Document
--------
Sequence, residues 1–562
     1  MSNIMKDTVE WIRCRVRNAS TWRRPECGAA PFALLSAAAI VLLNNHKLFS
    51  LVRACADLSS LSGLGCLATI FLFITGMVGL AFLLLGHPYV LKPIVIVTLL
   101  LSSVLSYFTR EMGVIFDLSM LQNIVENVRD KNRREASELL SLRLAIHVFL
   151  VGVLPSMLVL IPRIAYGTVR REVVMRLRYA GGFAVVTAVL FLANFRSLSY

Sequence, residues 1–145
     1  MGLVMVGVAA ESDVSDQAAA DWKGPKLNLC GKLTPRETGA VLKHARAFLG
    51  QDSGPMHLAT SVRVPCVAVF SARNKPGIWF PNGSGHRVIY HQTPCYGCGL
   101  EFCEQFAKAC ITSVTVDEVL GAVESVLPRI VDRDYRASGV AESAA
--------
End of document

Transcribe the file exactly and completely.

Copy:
Sequence, residues 1–562
     1  MSNIMKDTVE WIRCRVRNAS TWRRPECGAA PFALLSAAAI VLLNNHKLFS
    51  LVRACADLSS LSGLGCLATI FLFITGMVGL AFLLLGHPYV LKPIVIVTLL
   101  LSSVLSYFTR EMGVIFDLSM LQNIVENVRD KNRREASELL SLRLAIHVFL
   151  VGVLPSMLVL IPRIAYGTVR REVVMRLRYA GGFAVVTAVL FLANFRSLSY

Sequence, residues 1–145
     1  MGLVMVGVAA ESDVSDQAAA DWKGPKLNLC GKLTPRETGA VLKHARAFLG
    51  QDSGPMHLAT SVRVPCVAVF SARNKPGIWF PNGSGHRVIY HQTPCYGCGL
   101  EFCEQFAKAC ITSVTVDEVL GAVESVLPRI VDRDYRASGV AESAA